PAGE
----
Use the Investopedia Stock Simulator to trade the stocks mentioned in this stock analysis, risk free!

Related Articles
  1. Investing

    How to Ballast a Portfolio with Bonds

    If January and early February performance is any guide, there’s a new normal in financial markets today: Heightened volatility.
  2. Stock Analysis

    Performance Review: Emerging Markets Equities in 2015

    Find out why emerging markets struggled in 2015 and why a half-decade long trend of poor returns is proving optimistic growth investors wrong.
  3. Investing News

    The UAE: An Emerging Economy for Investors

    The learning from UAE on how it succeeded with timely diversification when the BRICS nations and the neighboring oil-rich economies faced challenges.
  4. Investing News

    Today's Sell-off: Are We in a Margin Liquidation?

    If we're in market liquidation, is it good news or bad news? That party depends on your timeframe.
  5. Investing News

    Bank Stocks: Time to Buy or Avoid? (WFC, JPM, C)

    Bank stocks have been pounded. Is this the right time to buy or should they be avoided?
  6. Stock Analysis

    Why the Bullish Are Turning Bearish

    Banks are reducing their targets for the S&P 500 for 2016. Here's why.
  7. Stock Analysis

    How to Find Quality Stocks Amid the Wreckage

    Finding companies with good earnings and hitting on all cylinders in this environment, although possible, is not easy.
  8. Stock Analysis

    The Top 5 Platinum Penny Stocks for 2016 (PLG, XPL)

    Examine five penny stocks in the platinum mining business that investors may wish to consider adding to their investment portfolios for 2016.
  9. Investing News

    What You Can Learn from Carl Icahn's Mistakes

    Carl Icahn has been a stellar performer in the investment world for decades, but following his lead these days could be dangerous.
  10. Stock Analysis

    Analyzing Altria's Return on Equity (ROE) (MO)

    Learn about Altria Group's return on equity (ROE) and analyze net profit margin, asset turnover and financial leverage to determine what is causing its high ROE.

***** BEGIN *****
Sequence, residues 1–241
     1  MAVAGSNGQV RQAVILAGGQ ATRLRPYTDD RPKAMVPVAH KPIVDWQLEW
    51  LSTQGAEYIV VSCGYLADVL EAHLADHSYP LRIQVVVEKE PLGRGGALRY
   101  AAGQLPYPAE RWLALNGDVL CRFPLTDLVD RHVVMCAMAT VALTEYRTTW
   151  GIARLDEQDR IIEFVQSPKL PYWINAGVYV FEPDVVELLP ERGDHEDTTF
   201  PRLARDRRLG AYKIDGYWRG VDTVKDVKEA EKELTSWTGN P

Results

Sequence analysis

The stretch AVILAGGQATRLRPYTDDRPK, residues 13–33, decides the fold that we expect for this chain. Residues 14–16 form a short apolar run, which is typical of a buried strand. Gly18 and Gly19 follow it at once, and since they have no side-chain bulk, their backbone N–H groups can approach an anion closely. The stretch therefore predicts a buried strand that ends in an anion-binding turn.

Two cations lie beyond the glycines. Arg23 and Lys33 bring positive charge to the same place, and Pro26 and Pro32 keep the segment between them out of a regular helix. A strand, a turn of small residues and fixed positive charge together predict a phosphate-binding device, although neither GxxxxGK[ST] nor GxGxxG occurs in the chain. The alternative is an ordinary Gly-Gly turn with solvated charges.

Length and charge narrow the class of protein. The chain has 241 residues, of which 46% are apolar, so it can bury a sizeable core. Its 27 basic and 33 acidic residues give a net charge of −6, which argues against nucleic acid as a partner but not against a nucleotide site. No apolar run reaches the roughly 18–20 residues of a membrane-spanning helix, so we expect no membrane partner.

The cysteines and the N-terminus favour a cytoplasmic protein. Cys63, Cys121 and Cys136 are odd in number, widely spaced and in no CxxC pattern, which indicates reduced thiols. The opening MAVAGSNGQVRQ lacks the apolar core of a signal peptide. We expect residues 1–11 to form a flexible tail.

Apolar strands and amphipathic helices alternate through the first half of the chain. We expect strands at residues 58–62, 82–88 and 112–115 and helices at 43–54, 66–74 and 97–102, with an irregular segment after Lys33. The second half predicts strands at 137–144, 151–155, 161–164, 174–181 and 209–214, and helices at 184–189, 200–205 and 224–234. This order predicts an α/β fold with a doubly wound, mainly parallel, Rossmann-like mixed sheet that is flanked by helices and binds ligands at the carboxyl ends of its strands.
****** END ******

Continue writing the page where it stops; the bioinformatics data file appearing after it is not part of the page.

RELATED FAQS
  1. How do dividends affect retained earnings?

    When a company issues a cash dividend to its shareholders, the retained earnings listed on the balance sheet are reduced ... Read Full Answer >>
  2. What is the difference between called-up share capital and paid-up share capital?

    The difference between called-up share capital and paid-up share capital is investors have already paid in full for paid-up ... Read Full Answer >>
  3. Why would a corporation issue convertible bonds?

    A convertible bond represents a hybrid security that has bond and equity features; this type of bond allows the conversion ... Read Full Answer >>
  4. How does additional paid in capital affect retained earnings?

    Both additional paid-in capital and retained earnings are entries under the shareholders' equity section of a company's balance ... Read Full Answer >>
  5. What types of capital are not considered share capital?

    The money a business uses to fund operations or growth is called capital, and there are a number of capital sources available. ... Read Full Answer >>
  6. What is the difference between issued share capital and subscribed share capital?

    The difference between subscribed share capital and issued share capital is the former relates to the amount of stock for ... Read Full Answer >>
COMPANIES IN THIS ARTICLE
Trading Center